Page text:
The rumblings of a North American trade war thundered Monday and Tuesday as two conflicts that have in the past been described “as old as the Trojan war” broke out.
The Monday before a group of so-called “U.S. conservative media,” conveniently put together by the White House, President Donald Trump announced plans to slap a trade tariff against Canadian softwood, one of the staple exports of the country to the United States.
U.S. Commerce Secretary Wilbur Ross told the Wall Street Journal that the tariff will be applied retroactively for about $5 billion.
Then on Tuesday, Mexico announced in Geneva that it will immediately request from the World Trade Organization (WTO) authorization to establish backlash on U.S. exports after Mexico won — not without a nearly 28 year old fight that started in 1989 — it’s legal struggle against U.S. tuna fishing companies for labeling rights the United States demanded should read “Dolphin Free,” alleging that Baja California fishermen were unnecessarily slaughtering dolphins in their tuna fishing techniques.
In terms of money, Mexico is demanding it be allowed by the WTO to establish sanctions of up to $163.23 million a year “and begin the necessary internal proceeding to make effective the suspension of the import of U.S. products,” said Mexico in a press release Tuesday.
A WTO arbitration committee resolved Tuesday that Mexico could slap the United States with $163.23 million a year against the U.S. government’s protectionist practice regarding its legal attitude in what was often termed as “the tuna wars.”
These two conflicts come in tandem with the fact that Wed. April 26 President Trump will be releasing his budget proposal for the upcoming fiscal year, which may include, according to Senator Paul Ryan, a calculation for the United States to impose a Border Adjustment Tax (BAT, clearly a countervailing duty) on imports from all over the world but with a special message to the brooding automobile manufacturing industry in Mexico.
BAT would no doubt add dry wood to the fire that seems to be in the making and comes just before the three nations prepare to begin renegotiations of the North American Free Trade Agreement (NAFTA). Are these tariff and punishing duties slapped on Canadian lumber and U.S. protectionism a prelude to the possible end of NAFTA?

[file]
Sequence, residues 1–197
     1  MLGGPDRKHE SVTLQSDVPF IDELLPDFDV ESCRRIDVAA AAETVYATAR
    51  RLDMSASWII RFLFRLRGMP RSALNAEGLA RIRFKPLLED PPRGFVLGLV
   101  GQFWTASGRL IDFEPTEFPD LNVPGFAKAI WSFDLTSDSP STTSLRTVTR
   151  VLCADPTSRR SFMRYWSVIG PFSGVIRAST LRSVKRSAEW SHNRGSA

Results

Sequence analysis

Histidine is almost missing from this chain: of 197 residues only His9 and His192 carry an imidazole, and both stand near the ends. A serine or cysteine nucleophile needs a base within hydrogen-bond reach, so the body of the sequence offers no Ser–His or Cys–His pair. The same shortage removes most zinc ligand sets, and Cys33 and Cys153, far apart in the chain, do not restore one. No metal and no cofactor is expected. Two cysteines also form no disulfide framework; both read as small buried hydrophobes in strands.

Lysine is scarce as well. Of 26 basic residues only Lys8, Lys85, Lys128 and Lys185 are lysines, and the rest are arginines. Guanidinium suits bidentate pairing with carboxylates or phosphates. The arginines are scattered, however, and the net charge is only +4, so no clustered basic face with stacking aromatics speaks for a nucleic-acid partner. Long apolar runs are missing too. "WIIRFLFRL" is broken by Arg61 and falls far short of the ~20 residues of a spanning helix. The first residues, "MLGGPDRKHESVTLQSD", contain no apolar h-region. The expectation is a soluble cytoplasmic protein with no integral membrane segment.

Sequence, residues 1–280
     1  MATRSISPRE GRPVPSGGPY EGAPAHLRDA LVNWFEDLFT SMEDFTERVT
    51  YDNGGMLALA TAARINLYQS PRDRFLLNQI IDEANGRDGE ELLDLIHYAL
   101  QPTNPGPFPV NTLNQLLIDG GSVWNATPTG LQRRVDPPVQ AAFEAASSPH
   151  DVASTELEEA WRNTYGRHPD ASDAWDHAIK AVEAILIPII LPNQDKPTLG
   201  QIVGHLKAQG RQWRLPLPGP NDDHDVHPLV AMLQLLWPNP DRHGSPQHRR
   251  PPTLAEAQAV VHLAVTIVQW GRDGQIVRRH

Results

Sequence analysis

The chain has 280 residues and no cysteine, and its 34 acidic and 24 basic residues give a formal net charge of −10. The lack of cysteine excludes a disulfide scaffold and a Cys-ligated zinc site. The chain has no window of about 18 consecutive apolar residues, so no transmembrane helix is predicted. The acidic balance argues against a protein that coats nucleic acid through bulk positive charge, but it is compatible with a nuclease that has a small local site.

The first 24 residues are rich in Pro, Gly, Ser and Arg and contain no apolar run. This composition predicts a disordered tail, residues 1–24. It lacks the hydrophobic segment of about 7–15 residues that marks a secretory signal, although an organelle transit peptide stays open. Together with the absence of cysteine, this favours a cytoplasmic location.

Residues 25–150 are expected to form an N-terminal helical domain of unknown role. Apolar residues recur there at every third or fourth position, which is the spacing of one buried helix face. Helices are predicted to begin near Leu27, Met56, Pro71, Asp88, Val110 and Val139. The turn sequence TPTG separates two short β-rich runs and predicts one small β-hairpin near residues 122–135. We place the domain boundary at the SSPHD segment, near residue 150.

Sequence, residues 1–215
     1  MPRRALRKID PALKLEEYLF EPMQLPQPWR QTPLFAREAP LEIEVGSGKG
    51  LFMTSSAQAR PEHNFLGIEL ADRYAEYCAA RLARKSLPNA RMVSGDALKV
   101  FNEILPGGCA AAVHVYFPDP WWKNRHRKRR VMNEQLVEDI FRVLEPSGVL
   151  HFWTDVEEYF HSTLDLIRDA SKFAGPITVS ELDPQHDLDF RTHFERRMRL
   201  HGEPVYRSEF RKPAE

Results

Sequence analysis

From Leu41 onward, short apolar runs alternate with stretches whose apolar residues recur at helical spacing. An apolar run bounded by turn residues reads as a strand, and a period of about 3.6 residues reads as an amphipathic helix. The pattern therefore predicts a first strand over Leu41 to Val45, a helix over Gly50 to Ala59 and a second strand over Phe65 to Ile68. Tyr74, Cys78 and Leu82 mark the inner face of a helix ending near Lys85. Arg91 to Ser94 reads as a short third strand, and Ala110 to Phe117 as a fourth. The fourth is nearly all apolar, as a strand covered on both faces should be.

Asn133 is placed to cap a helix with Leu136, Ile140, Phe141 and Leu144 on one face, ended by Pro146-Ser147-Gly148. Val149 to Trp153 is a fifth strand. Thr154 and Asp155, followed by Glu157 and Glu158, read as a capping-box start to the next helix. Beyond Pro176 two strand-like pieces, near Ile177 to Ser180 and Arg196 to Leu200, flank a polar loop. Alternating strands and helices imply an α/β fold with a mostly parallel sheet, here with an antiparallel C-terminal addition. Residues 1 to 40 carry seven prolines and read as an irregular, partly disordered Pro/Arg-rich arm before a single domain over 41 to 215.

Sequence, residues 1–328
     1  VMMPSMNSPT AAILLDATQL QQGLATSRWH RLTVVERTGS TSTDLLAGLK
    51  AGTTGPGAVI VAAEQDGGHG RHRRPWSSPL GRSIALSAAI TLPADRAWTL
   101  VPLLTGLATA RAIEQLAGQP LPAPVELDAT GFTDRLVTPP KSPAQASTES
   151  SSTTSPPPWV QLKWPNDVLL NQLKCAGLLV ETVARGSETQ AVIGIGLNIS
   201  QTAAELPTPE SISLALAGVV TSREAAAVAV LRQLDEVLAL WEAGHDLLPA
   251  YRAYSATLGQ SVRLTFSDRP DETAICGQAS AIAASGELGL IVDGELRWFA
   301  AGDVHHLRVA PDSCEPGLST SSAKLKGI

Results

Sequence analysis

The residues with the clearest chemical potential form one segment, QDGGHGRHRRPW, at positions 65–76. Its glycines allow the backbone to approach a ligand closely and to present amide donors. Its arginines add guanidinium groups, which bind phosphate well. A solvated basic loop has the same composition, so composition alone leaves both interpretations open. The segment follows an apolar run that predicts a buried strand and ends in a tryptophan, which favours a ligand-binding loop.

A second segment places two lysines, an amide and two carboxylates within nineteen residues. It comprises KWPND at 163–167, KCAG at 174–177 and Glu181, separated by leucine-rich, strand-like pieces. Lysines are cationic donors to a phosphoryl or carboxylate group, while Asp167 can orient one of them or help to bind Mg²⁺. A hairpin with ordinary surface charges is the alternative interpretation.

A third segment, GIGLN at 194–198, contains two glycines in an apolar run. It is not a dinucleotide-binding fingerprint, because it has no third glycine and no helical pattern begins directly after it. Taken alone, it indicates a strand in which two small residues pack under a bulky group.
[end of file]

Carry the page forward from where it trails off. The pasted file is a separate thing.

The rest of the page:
Something else that comes in the Trump budget, says U.S. Treasury Secretary Steve Mnuchin, is the reduction of corporate tax from 35 to 15 or 25 percent.
Normally this would not affect Mexico directly but since many of the corporations now operating in the nation also have business in the United States, the question is whether the Treasury and Public Finance Secretariat (SHCP), headed by José Antonio Meade Kuribreña, would also propose lowering tax rates on corporations.
This is a question that was posed to Meade Kuribreña during the recent yearly Banking Convention in Acapulco. He gave a direct answer to those querying him. In a most diplomatic tone he said that Mexico has no plans for a tax reduction. But still, surely the pressure will continue as Mexico’s taxation rates are currently similar to those in the United States.
Another news stemming out of the preliminary glance of the upcoming Trump budget is that if he wants it approved in Congress, there is no room for “the wall” he still claims he plans to build along the border with Mexico. “Trump’s wall crumbles down” are the headlines nowadays in Mexico, which by the way, we predicted over a month ago.
Be that as it may, the countervailing duty — it is no tariff — on Canadian softwood and the legal fight Mexico is about to embark on suing the United States for protectionist damages during the “tuna wars” are not a good prelude to NAFTA renegotiations which are bound to start in the fourth quarter of 2017.
Or perhaps claiming that he has achieved a lot during his first 100 days in office, Trump has actually delivered very little and he has a commitment to those that he promised “Mexico will pay for the wall” and Obama care would be KO’d.
As some analysts are saying, “After 100 days of nothing, he’s got to put something on the table.”
But the fact in Mexico and Canada is that nobody wants a trade war in which the three nations will come out as sore losers.